Later in his post Hans stated:  Structural funds is the name of the EU money redistribution system that has the goal of increasing the living standards in poor regions in the EU (no matter what country the regions are in, so not only most of Romania, but also eastern Germany, NI, northern England, etc).

It isn't, as you seem to think, taking ALL the money from UK, Germany etc and giving it ALL to Poland or Lithuania. It's distributed across the EU, including the poorer regions of the UK. Now I know you're going to say if we weren't in the EU there'd be lots more money to spend in the UK. However we wouldn't, (in the opinion of the vast majority of economists and industrialists), have the same GDP outside the EU. Plus, given the state of UK investment in the regions, what money there is to distribute would be spent in an already weathy region in the South East.

> Aren’t the recipients of said money as liable to spend their new found wealth via the internet in China as another member state?

You're confusing individuals and countries. The population of Poland don't all get a cheque for a few thousand quid every year to spend on fags, booze and Amazon, it's for infrastructure projects and the like. Improve the economies of the poorer EU states and the EU trading bloc has a better negotiating position against China and the USA. Outside of that bloc this country has very little economic influence on other countries, and the Americans, Chinese and EU will be calling the shots when it comes to trade.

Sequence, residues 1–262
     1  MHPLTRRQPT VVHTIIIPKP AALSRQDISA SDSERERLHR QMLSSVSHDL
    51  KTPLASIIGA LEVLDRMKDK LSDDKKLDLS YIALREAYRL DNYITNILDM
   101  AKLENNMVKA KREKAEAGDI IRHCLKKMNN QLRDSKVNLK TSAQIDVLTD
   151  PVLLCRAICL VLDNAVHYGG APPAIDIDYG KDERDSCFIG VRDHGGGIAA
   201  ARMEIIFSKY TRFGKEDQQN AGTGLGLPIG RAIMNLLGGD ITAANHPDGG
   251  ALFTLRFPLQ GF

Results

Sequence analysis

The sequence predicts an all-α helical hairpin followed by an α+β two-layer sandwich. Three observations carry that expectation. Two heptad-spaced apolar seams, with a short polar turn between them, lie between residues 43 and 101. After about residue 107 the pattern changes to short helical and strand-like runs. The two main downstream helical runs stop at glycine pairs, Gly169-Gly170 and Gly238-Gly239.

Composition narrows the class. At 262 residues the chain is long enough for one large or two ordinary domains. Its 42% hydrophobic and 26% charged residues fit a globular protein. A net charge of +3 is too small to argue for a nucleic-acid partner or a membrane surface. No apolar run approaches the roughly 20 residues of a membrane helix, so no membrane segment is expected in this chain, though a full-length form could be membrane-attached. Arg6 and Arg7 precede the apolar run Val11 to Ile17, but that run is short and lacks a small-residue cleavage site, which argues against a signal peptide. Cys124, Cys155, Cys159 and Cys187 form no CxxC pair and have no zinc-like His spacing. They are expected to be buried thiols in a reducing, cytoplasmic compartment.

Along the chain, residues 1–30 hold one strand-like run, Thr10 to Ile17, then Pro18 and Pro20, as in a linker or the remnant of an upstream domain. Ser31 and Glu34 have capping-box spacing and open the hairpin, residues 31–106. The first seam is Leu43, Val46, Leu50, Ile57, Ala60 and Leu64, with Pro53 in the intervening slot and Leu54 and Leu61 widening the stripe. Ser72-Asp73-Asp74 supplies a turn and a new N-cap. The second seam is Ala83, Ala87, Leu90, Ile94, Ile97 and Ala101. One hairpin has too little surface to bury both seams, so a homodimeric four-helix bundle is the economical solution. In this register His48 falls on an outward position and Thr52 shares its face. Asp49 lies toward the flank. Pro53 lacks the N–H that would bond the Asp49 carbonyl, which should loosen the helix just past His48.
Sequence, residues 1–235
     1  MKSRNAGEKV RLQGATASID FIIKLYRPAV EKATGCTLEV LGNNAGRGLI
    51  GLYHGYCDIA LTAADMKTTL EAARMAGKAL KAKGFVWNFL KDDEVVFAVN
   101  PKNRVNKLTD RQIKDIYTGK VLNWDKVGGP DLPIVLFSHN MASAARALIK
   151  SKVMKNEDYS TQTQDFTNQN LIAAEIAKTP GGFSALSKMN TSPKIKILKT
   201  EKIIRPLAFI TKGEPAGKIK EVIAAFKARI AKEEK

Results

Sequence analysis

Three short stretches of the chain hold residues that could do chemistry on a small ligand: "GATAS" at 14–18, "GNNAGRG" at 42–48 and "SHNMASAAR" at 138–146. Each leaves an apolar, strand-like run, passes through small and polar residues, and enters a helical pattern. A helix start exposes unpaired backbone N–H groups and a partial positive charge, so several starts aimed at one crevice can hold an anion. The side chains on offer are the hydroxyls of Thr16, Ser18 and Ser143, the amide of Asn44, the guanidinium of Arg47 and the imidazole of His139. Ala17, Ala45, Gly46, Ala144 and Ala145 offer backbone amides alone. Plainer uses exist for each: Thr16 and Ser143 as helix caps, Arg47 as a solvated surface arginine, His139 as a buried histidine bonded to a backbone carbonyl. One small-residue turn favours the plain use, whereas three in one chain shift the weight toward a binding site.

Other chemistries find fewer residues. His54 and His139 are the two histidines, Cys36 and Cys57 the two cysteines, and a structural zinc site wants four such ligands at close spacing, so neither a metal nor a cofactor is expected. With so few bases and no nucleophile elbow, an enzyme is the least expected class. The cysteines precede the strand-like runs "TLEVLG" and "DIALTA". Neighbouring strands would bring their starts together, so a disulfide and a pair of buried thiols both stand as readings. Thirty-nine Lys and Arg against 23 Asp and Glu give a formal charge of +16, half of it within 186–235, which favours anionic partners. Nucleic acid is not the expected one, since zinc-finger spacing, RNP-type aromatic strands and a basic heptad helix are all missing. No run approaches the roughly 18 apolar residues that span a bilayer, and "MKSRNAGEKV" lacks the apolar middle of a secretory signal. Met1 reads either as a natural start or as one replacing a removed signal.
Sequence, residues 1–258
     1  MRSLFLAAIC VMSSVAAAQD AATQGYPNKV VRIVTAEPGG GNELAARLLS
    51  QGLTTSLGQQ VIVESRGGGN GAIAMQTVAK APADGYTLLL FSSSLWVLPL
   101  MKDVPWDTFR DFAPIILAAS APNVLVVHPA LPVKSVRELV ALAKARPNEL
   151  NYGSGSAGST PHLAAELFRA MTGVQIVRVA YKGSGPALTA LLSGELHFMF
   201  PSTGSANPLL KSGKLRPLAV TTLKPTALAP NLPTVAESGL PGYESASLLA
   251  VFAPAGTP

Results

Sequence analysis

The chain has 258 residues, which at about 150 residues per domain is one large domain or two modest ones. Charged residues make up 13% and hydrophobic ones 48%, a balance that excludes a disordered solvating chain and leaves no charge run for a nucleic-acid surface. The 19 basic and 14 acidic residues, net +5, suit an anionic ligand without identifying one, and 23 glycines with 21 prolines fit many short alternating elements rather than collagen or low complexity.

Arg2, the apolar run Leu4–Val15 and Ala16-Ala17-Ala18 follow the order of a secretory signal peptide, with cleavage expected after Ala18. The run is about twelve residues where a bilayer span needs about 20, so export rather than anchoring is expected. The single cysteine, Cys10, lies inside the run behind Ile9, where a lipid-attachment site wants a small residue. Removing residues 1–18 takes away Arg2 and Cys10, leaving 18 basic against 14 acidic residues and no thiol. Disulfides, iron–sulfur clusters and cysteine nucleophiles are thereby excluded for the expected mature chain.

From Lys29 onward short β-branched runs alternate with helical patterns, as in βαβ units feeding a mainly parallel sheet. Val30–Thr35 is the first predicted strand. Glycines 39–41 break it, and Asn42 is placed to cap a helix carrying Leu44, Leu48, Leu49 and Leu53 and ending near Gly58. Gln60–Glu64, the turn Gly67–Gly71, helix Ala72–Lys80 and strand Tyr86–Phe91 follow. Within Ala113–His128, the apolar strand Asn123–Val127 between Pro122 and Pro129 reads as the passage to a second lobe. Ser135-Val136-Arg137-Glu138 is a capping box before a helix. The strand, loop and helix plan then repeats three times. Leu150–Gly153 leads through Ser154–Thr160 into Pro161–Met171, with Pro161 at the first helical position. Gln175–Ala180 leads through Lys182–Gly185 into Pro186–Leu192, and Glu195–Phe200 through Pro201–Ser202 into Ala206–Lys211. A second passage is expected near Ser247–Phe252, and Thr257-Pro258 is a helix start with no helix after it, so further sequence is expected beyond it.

There's a lot in the EU that could be better, and I think truly free movement would be a mistake, (although we could have controlled that much better by applying the same rules that the rest of the EU does...). However I can't see any way in which leaving will improve the lot of the UK, it's just wishful thinking by people who can't accept that this country hasn't been  the mighty superpower it thinks it is for over a hundred years.

Post edited at 14:44
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MG 15:51 Sun
In reply to baron:

> Aren’t the recipients of said money as liable to spend their new found wealth via the internet in China as another member state?

You actually think individuals, or even countries, get cheques from the EU to do what they want with?! 

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baron 15:57 Sun
In reply to MG:

> You actually think individuals, or even countries, get cheques from the EU to do what they want with?! 

You mean that they don’t?